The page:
On the farm with Quality Meat Scotland: Woodend Farm, West Lothian

The  Staff Canteen

The Staff Canteen

Editor 30th April 2014

In association with

Woodend Farm is a farm assured supplier of Scotch Beef near Armadale, West Lothian. It is a typical upland farm situated at 650 – 1,000 feet above sea level and comprises 1,500 acres of natural grass, feeding 250 suckler beef cows of Luing and Simmental Cross breeds. Woodend uses a very extensive method of Scottish beef farming with cows having plenty of room to wander and graze on natural grass. According to Andrew McNee, who owns Woodend Farm with his father, Roy, it is the extensive nature of their system that produces healthy cows and great quality Scotch Beef.  “Super-intensive fed cattle don’t have the same flavour,” says Andrew. “A lot of the systems in other countries are just about cereal diets. I don’t think that’s the best way to produce good beef. Our cattle are grown on grass and just grow at a steady rate, that way they get time to grow and time to mature more naturally.” At Woodend it’s not just about extensiveness of space but also of time. Calves are kept with their mothers for the first nine months of their lives. “It’s the most natural way to grow them, on their mother’s milk,” says Andrew. After nine months the calves are moved on to silage or hay and some concentrate before being sold on to specialist finishers where they are reared for another year These finishing farms can be any number of lowland units which bid for the calves at auction. They are all farm assured as well and the McNee’s have built up an important relationship with them over the years getting feedback to make sure they’re providing the right kind of product. “There’s no point us producing a product that doesn’t meet the right specifications at the other end,” says Andrew, “so we need to keep ourselves educated, so to speak.” Now is the time of year when all that education comes good; calving starts in March and continues for nine weeks. It’s an extremely busy time with working days that start at five am and continue until ten at night. This year’s spring calving is almost done with just six of the 150 cows yet to calve. The other 100 cows from the 250-strong herd being calved in the summer. The breed of cows is carefully selected to match the terrain and the kind of cow that Woodend seeks to produce. Half the herd are Luing and the other half Simmental Cross Luing, the Simmental providing extra weight and the Luing being perfectly adapted to highland conditions, as well as being very maternal. “The Luing cow is a very good mother,” says Andrew. “She makes very good use of rough grazing and rears a very good calf under these conditions.” The Luing itself is relatively modern Scottish breed. It was first developed in the sixties by the Cadzow brothers on the isle of Luing near Oban. It was developed by crossing the beef Shorthorn with hardy Highland cattle to produce an animal that could graze on high hill ground all year but with the extra weight of flesh of the Beef Shorthorn. Andrew McNee with piper at Canary Wharf Once the new breed was recognised by the government, the first cattle were sold at auction in Oban in 1966. It was an event attended by Andrew’s father Roy and his grandfather Bob. They bought one of the first Luings on the market and the family has been breeding and rearing them ever since. It was Andrew’s grandfather who first moved to West Lothian from California (not the Sunshine State, but a village near Falkirk), buying a farm in Blackridge in the early sixties which the family still farm. Woodend was bought in 1985 and is where Andrew, his wife Lorna and their three children Alastair (eight), Beth (five) and Faye (nine months) now live. The McNee's with Piper   The McNee’s journey doesn’t end there however. In February this year the family made the trip to London with Piper, their almost one-tonne prize Luing bull, to celebrate the United Nations International Year of Family Farming and to promote Scotch Beef in London and the South East. It was Alastair, Beth and Faye’s first time in the capital as well as Piper’s although the three McNee children got to fly whereas the 20-month-old bull had to make do with the back of a truck. Piper was well prepared for his trip though with the family designing a celebrity boot camp-style training regime to get him ready for the capital, acclimatising him to large groups of people as well as loud noises, flapping bags and scarves. “We had a lot of fun,” said Andrew, “and we were glad it didn’t rain because we discovered he wasn’t too keen on umbrellas.”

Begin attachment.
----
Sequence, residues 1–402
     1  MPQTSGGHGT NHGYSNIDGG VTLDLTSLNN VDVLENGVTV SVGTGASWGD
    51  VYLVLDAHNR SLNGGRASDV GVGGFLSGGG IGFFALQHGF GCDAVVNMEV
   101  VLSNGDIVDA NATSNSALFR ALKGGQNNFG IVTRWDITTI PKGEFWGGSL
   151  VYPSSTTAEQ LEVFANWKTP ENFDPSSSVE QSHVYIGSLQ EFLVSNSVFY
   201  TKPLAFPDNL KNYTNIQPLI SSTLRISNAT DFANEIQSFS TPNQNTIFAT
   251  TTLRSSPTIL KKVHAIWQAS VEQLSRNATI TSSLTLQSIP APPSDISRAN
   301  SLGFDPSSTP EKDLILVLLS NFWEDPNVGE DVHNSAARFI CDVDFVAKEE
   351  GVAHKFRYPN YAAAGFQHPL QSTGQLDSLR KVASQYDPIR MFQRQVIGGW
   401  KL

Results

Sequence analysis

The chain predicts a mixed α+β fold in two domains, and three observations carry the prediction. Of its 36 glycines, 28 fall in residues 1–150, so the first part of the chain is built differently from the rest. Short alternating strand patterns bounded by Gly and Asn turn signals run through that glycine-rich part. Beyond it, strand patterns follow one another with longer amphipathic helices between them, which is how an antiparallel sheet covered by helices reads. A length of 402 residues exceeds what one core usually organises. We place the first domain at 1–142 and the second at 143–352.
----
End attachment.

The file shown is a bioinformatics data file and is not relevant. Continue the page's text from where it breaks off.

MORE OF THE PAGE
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The  Staff Canteen

The Staff Canteen

Editor 30th April 2014

On the farm with Quality Meat Scotland: Woodend Farm, West Lothian